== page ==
The Civilian Agency Acquisition Council and the Defense Acquisition Regulations Council (Councils) will issue an interim rule (pdf) that adopts the Department of Labor’s final rule implementing Executive Order (EO) 13496: Notification of Employee Rights Under Federal Labor Laws. (pdf) The DOL issued its final rule on this EO last May. The EO at issue mandates that all government contracting departments and agencies include a provision in most government contracts stipulating that the contractor post a notice “in all places where notices to employees are customarily posted both physically and electronically,” informing them of their rights under the National Labor Relations Act (NLRA), and revokes a Bush-era EO that had required federal contractors to post a notice (commonly known as “Beck” notices) to their employees informing them that they were not required to join or maintain membership in a labor union, and that those who were not union members – but were nonetheless required to pay dues or fees pursuant to a union security agreement – could object to paying a portion of those dues or fees to support activities that are not related to collective bargaining, contract administration or grievance adjustment.
The Councils’ interim rule essentially amends the Federal Acquisition Regulation (FAR) to reflect the DOL’s notification requirements. These changes include a new FAR subpart 22.16 and clause 52.222-40, Notification of Employee Rights Under the National Labor Relations Act. The interim rule also revises FAR clauses at 52.212-5, Contract Terms and Conditions Required to Implement Statutes or Executive Orders—Commercial Items, and FAR 52.244-6, Subcontracts for Commercial Items, to include the requirements of the new FAR employee notification clause. These amendments to the FAR represent the formal notice to contracting officers to include the amended FAR clause in all solicitations and contracts, except those contracts that are under the simplified acquisition threshold (currently $150,000), subcontracts of $10,000 or less, or contracts/subcontracts that are for work performed exclusively outside of this country.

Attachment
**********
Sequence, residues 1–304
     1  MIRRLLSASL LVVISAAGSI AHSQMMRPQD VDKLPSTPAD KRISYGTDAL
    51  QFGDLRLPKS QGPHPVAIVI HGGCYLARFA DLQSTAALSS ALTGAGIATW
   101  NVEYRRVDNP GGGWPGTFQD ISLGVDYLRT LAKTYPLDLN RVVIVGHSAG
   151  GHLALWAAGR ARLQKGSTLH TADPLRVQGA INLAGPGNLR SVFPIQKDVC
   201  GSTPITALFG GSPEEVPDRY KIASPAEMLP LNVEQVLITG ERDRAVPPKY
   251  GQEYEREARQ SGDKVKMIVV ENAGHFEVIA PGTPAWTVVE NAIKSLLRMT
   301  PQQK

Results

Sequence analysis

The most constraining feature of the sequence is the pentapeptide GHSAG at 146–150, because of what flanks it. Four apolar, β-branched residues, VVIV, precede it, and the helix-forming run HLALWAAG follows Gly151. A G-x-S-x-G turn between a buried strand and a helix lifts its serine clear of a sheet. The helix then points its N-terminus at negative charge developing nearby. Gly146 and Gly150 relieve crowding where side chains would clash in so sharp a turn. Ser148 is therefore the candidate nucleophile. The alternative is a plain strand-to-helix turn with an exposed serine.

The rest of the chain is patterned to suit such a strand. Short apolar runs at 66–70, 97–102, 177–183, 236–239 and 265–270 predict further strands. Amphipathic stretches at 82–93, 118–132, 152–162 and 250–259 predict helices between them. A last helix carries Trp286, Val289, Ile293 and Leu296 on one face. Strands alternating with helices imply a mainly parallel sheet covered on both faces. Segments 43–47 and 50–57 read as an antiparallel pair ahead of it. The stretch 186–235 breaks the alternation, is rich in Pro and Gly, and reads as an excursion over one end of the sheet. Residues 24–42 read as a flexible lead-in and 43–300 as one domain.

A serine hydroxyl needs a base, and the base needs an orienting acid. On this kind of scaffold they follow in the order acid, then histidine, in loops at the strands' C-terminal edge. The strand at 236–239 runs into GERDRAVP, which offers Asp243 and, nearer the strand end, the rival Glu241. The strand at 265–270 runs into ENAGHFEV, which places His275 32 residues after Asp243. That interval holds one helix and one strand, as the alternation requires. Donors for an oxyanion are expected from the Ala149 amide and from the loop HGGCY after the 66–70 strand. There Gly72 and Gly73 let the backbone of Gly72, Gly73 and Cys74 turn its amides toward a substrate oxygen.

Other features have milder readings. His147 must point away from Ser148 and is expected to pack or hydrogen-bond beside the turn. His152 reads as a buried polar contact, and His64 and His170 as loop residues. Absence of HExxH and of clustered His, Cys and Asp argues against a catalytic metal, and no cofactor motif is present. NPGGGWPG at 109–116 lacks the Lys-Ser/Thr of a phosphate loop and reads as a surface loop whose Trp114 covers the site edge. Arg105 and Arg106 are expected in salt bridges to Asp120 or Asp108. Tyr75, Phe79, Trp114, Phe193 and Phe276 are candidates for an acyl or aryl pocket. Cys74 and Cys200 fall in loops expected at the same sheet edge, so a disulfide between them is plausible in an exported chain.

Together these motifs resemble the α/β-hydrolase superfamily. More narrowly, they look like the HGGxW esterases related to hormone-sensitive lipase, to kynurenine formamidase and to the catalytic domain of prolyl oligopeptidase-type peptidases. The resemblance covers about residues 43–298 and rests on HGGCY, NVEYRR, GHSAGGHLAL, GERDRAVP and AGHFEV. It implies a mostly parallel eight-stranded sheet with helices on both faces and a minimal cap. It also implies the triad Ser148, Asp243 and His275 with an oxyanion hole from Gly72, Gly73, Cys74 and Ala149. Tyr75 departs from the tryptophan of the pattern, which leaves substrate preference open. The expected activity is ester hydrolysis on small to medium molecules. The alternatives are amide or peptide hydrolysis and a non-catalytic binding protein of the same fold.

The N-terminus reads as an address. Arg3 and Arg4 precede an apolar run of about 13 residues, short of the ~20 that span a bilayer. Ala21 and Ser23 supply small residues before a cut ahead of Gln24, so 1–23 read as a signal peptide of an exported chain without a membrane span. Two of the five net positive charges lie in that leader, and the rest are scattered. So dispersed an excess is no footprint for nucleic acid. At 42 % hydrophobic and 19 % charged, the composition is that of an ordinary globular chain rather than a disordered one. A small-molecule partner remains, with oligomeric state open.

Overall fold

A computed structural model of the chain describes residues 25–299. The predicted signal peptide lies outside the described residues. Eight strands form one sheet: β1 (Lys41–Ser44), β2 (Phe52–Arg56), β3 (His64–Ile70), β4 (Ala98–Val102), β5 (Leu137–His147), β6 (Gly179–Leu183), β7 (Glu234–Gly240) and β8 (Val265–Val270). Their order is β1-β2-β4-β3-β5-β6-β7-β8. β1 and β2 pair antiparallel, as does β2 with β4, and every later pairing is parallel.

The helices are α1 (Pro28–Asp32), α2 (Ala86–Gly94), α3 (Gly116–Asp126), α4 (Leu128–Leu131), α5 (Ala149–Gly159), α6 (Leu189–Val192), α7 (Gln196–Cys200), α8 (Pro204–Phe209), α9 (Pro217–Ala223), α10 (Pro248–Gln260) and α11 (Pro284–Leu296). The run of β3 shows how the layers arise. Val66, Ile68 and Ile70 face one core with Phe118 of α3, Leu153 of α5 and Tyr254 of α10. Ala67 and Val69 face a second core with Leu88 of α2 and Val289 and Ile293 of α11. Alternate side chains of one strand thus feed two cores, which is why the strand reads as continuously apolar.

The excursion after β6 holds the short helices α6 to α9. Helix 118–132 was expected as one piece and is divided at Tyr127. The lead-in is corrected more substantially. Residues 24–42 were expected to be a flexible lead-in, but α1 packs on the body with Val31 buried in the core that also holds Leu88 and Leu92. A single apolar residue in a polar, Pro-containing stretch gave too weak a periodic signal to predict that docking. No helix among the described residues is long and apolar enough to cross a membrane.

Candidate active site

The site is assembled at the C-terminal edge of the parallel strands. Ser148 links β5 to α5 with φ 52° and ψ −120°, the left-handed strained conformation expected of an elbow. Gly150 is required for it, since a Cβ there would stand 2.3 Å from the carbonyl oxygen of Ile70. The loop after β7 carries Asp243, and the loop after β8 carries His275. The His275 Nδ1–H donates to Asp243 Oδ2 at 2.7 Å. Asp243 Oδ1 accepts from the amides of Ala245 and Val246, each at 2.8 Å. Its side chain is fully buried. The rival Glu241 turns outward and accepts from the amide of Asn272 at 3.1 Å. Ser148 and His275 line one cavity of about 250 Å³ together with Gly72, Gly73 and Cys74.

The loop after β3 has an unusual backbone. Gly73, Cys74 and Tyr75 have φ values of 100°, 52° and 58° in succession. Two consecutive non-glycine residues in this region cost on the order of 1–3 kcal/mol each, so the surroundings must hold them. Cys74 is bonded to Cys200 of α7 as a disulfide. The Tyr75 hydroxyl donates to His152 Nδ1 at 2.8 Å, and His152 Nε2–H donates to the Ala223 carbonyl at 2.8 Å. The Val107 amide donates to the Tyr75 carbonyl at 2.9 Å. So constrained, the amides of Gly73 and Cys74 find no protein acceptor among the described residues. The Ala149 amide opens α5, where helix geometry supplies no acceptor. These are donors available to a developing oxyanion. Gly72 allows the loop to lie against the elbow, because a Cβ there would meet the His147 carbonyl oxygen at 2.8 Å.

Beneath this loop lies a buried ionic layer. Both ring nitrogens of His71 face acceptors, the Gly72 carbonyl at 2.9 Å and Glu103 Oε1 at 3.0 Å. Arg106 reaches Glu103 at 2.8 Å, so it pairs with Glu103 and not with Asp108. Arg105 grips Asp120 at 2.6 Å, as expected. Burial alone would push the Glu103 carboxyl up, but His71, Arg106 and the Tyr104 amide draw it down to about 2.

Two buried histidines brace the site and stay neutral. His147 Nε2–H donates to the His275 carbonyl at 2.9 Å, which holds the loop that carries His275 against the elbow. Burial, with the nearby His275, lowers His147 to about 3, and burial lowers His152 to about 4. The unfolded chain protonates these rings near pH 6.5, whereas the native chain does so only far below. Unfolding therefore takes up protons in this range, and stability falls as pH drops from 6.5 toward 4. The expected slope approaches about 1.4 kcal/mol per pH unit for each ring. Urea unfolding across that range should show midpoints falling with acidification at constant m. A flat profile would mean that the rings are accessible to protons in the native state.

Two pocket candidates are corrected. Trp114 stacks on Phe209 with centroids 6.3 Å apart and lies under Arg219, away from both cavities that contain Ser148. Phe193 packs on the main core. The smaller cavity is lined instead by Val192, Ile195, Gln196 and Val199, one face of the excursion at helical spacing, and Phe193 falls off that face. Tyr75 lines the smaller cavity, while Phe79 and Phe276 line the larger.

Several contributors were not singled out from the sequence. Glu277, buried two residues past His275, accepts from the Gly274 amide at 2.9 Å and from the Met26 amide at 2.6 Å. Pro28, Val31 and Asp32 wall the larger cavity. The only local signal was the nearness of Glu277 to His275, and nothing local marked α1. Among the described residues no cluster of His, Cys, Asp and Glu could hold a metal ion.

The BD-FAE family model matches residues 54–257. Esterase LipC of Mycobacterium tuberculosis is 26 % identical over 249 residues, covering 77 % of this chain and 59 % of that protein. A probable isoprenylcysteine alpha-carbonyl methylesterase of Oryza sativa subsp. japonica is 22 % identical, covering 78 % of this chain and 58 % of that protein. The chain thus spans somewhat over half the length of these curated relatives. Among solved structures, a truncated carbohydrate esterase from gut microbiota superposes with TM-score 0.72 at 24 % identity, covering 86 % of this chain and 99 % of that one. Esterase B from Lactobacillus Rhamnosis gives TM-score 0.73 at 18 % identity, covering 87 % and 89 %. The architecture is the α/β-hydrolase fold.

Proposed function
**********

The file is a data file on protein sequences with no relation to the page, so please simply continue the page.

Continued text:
For more information on the requirements set forth in the DOL’s final rule, see Littler's ASAP: DOL Issues Final Rule on Notification by Federal Contractors of Employee Labor Law Rights by David Goldstein and Jay Sumner.
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As expected, the Senate defeated a motion to advance the Public Safety Employer-Employee Cooperation Act of 2010 (PSEECA) (S. 3991) on Wednesday by a vote of 55 to 43, despite a last-ditch attempt to move the measure before the new Congress takes over in January. The PSEECA, which was reintroduced last week, would have provided firefighters, police officers, and emergency medical personnel with collective bargaining rights in states and localities that do not currently provide them; establish minimum standards for collective bargaining rights for public safety officers and give the Federal Labor Relations Authority (FLRA) the power to regulate and enforce these rights. The failure to muster the 60 votes needed to overcome a filibuster means that this measure has little chance of becoming law in the foreseeable future.
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Sen. Harry Reid (D-NV) this week reintroduced the Public Safety Employer-Employee Cooperation Act of 2010 (PSEECA) (S. 3991), legislation that would provide firefighters, police officers, and emergency medical personnel with collective bargaining rights in states and localities that do not currently provide them. Additionally, the measure would establish minimum standards for collective bargaining rights for public safety officers and give the Federal Labor Relations Authority (FLRA) the power to regulate and enforce these rights. Continue reading this entry at Littler's Washington DC Employment Law Update.
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For over 60 years, employers have had a federally protected right under the National Labor Relations Act (NLRA) to hold paid, mandatory meetings with employees to discuss various issues related to unions and unionization. These meetings, often referred to by unions as “captive-audience” talks, have historically been used by employers to explain to new hires and other employees the tactics unions use to collect union authorization cards, the legal rights employees have when asked to sign those cards, and the merits of a union-free workplace. Union employers use these meetings to provide updates on the status of collective bargaining, explain the employer’s contract proposals, and inform employees of their rights and responsibilities in the event of a strike.